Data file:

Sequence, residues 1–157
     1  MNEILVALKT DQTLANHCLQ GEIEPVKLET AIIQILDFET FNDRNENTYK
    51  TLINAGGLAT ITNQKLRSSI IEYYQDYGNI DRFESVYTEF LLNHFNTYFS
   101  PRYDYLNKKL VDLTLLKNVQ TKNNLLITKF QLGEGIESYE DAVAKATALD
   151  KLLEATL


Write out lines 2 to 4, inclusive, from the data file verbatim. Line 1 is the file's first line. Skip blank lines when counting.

     1  MNEILVALKT DQTLANHCLQ GEIEPVKLET AIIQILDFET FNDRNENTYK
    51  TLINAGGLAT ITNQKLRSSI IEYYQDYGNI DRFESVYTEF LLNHFNTYFS
   101  PRYDYLNKKL VDLTLLKNVQ TKNNLLITKF QLGEGIESYE DAVAKATALD